How do you get rid of cigarette smoke in the house?


My husband & I purchased a mobile home. Before we decide on paint colors, does anyone have a suggestion on how to rid the disgusting smell?

  5 answers
  • Gk Gk on Mar 16, 2019

    Hello Darlene. Priming and painting the walls will remove some of the cigarette smell. Wash all the walls well first with a warm water/vinegar mix. Cleaning any carpet with a steam cleaner will help or removing any carpet and replacing would be even better. I don't know what is in your mobile home for a ceiling but cleaning that will also help.

    • Darlene Darlene on Mar 17, 2019

      Thank you for replying to my question. We have cleaned all the walls & will be getting ready to paint soon. We have no carpet, so that's a plus!

  • Laura Cooper Laura Cooper on Mar 16, 2019

    The best way to remove this is to first clean and then use an ozone machine. The ozone actually destroys the smoke. A fresh coat of paint as already suggested will then freshen everything

  • Nancy Turner Nancy Turner on Mar 16, 2019

    Every surface has to be cleaned. There is probably a coating of the tar from the cigarette smoke on everything! If you paint after cleaning, use something like kilz before you apply the paint to prevent any bleed through. After cleaning anything that is fabric or carpet, spray it with vinegar after testing it to make sure it won't change the color or texture of it. The vinegar is a good deodorizer, if it gets rid of horrible cat pee smell, it will get rid of the smoke smell. Remember to do the closets, too, or your clothes will smell like smoke, also clean both sides of the closet doors real well also. I hope this helps!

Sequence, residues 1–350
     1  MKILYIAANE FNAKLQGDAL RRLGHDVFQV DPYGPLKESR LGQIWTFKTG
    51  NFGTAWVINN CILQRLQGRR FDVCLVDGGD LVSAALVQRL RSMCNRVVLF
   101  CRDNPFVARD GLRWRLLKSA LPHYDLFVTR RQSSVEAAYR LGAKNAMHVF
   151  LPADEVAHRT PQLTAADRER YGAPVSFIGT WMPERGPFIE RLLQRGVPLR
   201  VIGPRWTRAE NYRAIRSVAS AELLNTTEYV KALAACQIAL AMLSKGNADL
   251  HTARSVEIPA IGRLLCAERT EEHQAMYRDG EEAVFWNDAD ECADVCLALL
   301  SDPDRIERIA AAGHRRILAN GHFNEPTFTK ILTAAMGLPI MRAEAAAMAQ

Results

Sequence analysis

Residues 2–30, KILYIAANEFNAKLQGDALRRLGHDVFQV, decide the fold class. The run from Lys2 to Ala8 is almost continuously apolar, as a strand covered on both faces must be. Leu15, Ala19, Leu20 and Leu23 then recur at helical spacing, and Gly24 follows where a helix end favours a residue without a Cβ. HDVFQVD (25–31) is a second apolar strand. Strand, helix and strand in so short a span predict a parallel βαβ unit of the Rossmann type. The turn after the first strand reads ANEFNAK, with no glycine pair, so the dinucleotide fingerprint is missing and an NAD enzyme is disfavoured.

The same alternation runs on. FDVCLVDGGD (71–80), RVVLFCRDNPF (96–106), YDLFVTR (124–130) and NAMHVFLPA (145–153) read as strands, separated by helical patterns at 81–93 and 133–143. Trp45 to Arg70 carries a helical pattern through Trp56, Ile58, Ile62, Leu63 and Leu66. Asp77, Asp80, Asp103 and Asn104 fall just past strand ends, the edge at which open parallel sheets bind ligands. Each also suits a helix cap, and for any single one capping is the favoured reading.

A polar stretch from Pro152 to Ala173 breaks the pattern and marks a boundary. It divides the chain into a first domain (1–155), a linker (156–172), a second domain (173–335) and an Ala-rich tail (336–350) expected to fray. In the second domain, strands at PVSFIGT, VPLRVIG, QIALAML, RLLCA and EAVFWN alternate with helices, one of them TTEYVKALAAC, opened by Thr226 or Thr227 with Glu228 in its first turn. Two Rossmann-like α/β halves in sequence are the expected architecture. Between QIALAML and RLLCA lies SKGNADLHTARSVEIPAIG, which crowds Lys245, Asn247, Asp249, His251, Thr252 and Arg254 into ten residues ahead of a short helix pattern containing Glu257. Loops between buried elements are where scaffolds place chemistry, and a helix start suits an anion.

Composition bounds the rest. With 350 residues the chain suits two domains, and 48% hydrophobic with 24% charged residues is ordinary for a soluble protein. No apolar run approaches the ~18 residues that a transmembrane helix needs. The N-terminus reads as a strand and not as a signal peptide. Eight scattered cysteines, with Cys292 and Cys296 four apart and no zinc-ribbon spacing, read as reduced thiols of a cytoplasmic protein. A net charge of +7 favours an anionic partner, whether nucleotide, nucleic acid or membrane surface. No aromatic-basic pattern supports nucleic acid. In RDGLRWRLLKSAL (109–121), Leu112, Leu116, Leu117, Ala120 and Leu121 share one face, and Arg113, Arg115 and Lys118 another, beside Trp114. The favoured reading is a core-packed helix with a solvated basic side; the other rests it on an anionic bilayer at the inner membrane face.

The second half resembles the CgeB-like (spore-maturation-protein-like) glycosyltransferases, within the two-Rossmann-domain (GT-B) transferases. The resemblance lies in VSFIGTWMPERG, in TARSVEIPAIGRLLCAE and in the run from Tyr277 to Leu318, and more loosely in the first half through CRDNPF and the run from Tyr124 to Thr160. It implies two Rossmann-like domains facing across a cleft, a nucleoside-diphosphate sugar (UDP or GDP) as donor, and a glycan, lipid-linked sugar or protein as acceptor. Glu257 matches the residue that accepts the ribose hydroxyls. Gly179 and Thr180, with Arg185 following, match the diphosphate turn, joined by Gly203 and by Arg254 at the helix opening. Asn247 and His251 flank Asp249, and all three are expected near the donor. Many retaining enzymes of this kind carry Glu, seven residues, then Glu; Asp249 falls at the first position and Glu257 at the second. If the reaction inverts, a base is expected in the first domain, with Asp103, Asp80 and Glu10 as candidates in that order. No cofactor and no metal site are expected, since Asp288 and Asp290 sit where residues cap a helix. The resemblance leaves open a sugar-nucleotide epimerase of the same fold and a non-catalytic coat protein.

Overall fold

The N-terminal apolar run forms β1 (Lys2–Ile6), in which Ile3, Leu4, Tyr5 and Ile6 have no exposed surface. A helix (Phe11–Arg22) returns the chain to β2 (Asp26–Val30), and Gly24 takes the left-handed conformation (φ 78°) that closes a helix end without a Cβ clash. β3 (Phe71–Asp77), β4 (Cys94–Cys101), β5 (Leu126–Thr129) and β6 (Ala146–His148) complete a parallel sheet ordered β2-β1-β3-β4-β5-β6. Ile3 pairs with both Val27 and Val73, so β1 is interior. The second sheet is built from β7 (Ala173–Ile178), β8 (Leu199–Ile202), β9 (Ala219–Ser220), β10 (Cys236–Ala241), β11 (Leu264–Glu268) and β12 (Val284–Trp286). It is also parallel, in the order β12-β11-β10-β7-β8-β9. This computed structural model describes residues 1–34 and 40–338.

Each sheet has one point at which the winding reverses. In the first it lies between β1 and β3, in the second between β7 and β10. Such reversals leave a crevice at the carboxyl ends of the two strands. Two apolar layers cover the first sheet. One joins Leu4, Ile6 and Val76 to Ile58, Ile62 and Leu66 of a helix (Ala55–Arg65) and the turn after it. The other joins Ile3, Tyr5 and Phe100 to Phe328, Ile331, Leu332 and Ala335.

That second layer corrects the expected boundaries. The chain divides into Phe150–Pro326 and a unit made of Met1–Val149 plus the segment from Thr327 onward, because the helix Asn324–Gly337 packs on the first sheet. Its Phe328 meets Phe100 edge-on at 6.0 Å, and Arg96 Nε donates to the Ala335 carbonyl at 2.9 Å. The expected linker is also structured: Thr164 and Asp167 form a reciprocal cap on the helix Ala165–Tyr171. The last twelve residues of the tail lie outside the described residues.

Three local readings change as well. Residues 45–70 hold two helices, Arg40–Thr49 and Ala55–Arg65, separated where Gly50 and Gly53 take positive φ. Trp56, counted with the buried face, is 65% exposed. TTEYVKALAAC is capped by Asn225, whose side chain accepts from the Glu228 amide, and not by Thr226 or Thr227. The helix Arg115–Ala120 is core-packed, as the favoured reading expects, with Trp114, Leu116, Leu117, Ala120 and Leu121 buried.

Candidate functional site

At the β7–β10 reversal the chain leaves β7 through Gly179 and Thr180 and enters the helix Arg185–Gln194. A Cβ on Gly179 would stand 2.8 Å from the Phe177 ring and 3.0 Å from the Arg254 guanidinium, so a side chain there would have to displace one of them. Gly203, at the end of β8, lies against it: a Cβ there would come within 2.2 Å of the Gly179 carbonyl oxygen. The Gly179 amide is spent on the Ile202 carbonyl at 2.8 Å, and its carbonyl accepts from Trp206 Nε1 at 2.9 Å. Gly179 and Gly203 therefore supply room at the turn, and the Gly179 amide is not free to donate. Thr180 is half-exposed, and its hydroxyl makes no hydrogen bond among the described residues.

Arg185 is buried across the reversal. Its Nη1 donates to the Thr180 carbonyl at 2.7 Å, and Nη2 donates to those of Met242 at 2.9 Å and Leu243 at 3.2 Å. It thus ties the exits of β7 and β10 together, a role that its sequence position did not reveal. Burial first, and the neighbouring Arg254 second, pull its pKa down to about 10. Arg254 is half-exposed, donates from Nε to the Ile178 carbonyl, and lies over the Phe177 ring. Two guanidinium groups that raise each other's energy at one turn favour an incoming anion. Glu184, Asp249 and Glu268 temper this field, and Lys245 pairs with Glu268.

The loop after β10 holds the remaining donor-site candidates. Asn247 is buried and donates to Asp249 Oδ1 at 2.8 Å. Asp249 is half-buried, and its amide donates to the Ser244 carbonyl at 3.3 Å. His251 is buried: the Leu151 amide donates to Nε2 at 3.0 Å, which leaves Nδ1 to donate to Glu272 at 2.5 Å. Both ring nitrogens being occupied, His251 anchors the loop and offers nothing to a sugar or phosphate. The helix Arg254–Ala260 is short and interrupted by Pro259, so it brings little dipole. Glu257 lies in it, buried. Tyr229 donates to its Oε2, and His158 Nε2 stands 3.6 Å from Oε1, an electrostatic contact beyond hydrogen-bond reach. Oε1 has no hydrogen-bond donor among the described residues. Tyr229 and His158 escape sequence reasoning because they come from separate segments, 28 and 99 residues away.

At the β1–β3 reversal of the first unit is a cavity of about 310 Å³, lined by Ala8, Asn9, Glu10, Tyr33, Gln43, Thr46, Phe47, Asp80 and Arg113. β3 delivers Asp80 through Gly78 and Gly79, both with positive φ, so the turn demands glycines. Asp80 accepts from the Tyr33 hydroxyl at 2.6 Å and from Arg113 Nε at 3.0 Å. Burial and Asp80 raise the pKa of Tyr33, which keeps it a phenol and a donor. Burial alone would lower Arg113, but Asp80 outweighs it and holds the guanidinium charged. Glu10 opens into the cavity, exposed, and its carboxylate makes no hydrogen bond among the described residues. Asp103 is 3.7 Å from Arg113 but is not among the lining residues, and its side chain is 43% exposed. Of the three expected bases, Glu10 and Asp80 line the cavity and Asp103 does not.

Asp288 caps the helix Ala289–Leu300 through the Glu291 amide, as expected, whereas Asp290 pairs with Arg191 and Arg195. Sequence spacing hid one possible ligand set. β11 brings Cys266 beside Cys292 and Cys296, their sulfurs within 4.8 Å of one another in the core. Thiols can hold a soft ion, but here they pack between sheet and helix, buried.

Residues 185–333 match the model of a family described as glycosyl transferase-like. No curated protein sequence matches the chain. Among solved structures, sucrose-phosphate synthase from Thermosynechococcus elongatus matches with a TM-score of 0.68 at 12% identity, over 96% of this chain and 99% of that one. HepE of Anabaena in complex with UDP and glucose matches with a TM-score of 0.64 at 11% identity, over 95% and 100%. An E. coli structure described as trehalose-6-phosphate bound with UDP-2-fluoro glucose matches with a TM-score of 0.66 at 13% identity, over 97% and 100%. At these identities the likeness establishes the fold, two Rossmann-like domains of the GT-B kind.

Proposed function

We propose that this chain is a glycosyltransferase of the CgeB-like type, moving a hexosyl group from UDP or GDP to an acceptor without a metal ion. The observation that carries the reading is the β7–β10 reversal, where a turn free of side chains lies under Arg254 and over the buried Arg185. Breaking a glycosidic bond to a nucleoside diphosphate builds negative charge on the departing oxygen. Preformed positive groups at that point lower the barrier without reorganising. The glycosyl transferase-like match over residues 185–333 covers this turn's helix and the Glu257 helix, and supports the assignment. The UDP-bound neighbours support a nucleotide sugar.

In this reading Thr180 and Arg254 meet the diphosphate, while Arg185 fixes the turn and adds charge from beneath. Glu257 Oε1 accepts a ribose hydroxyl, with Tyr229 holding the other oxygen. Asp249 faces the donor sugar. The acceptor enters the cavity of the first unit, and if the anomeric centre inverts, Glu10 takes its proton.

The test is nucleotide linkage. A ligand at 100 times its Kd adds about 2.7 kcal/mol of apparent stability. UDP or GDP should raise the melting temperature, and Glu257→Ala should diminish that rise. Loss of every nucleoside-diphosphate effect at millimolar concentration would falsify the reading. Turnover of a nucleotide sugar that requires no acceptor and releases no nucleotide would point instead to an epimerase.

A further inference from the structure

• Darlene Darlene on Mar 17, 2019

      Thank you so much for all the advice. I will be sure to try your recommendations.

  • Twyla J Boyer Twyla J Boyer on Mar 18, 2019

    There are actually additives you can add to the paint you use to scent the rooms. They will dissipate over time, of course, but one would hope that within the several months it takes for the scent to dissipate, the lingering cigarette smoke scent would go, too.

    Prep the walls well by cleaning with a grease cutter kind of product (to cut through the tar residue). Rinse well. Clean with TSP to remove any cleaner residue and rinse again. Prime with a stain blocking primer like Kilz. Then add the scent stuff to your regular paint and have at it. I haven't personally used it, but a similar product was recommended to me at Benjamin Moore a few years back and the product seems to get good reviews. Here's a link to one I found through a quick Amazon search - I'm sure there are others.

    If you don't want to buy chemical paint scent, I have heard of people adding vanilla extract or even essential oils to their paint, but I don't know much about that, so google it before trying.